Today the jobbers are all interchangeable. You can’t tell one from the next. And most importantly, they don’t really work at all. They just sell the finisher. They get slapped around, and then do a 360 over a clothesline and that’s that! They’re human crash test dummies! Brave as hell, sure. Lots of broken necks and backs. But why? Today’s jobbers are generic. No individuality at all. I can’t name two!

Twenty-five years ago, watching WWWF, I knew all the "stock company." And I remember them well to this day. To wit: Tomas Marin was a face jobber, an everyman worker that the guy in the street could identify with. Chuck "Popeye" Richards (from Cartaret, N.J.) was a tough, lantern-jawed, tattooed ex-sailor who looked like he would be the last guy left standing after a bar brawl. Lee "Cat" Wong was a short, pudgy Oriental who came to the ring in a get-up like Prof. Tanaka’s. There the resemblance ended. His karate chops were so slow, and landed so softly, they wouldn’t have passed muster at a shiatzu massage class.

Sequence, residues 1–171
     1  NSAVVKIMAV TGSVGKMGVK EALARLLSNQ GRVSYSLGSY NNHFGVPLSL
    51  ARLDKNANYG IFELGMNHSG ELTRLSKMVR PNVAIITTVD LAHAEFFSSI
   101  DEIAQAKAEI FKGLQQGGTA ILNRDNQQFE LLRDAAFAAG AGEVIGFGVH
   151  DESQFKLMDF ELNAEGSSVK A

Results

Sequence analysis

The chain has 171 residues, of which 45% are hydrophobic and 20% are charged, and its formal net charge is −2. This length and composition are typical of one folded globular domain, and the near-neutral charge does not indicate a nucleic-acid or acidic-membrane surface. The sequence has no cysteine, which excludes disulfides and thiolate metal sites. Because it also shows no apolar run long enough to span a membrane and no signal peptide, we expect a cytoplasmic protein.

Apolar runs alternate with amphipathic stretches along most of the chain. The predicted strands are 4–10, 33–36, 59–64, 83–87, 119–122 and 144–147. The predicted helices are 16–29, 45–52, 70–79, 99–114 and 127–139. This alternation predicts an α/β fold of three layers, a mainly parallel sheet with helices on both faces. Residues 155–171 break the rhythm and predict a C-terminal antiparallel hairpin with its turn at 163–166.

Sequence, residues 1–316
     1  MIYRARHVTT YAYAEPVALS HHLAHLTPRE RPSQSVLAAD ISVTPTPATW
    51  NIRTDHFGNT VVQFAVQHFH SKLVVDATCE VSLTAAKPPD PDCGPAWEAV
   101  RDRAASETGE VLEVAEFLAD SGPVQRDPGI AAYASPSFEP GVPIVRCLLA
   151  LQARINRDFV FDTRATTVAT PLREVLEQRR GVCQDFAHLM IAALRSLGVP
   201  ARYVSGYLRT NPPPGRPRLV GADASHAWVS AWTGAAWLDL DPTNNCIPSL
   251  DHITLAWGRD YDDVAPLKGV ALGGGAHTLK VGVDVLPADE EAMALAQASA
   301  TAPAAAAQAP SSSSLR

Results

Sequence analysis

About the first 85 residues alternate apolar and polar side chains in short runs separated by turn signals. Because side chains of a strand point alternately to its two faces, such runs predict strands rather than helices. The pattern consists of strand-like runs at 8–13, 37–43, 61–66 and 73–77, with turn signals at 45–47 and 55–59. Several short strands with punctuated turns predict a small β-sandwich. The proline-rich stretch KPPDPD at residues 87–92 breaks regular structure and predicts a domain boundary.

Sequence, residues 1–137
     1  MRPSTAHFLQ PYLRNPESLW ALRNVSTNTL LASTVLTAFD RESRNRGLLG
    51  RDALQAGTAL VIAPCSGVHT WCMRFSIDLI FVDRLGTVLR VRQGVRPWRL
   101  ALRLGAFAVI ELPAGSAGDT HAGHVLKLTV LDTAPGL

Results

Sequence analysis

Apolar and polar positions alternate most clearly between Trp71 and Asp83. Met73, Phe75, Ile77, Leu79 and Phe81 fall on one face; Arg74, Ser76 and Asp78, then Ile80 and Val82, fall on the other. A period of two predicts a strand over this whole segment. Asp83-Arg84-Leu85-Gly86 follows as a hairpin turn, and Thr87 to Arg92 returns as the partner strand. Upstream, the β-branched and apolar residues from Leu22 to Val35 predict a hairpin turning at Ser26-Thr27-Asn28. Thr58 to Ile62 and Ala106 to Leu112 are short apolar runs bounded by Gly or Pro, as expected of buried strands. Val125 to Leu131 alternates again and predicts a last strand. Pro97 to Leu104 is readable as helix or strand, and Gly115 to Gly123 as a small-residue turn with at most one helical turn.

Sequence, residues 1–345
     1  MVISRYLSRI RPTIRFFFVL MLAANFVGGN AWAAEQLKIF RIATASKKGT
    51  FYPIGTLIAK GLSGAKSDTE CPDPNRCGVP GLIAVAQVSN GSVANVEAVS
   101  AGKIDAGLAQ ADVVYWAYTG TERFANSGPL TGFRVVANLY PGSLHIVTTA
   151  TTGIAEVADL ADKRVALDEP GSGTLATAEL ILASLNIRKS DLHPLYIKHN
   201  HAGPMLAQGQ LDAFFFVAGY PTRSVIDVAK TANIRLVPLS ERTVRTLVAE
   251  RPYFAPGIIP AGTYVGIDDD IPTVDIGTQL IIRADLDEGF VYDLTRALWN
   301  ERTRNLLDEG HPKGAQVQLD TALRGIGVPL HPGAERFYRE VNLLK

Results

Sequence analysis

Vincente "Bull" Pometti was a big man, near 300 pounds. He came to the ring with curly black hair, a bushy moustache, and "authentic" Argentinian bolos which he would usually swing at the ref for good measure.

"Maniac" Mike Conrad was a rookie jobber, blond and stocky. A good lifter, as "Chilly Billy" Cardille would frequently inform us. Frank "Spaceman" Hickey was an old campaigner with a crazy, full-body spacesuit. Sort of a predecessor to "Max Moon." Only more fun!

Manny Soto was a mid-card face jobber with a strong following in the East Coast. A well built and talented flyer who frequently tagged with stars like Rivera and Morales. Perhaps the best wrestler among them was Angelo Savoldi. He had been a main-event star years before, and was then (circa 1970) finishing out his career as a jobber. He could have tied most stars today in knots! There were others, too, but the aforementioned were the best. They all made for a good card because they provided us so much diversity.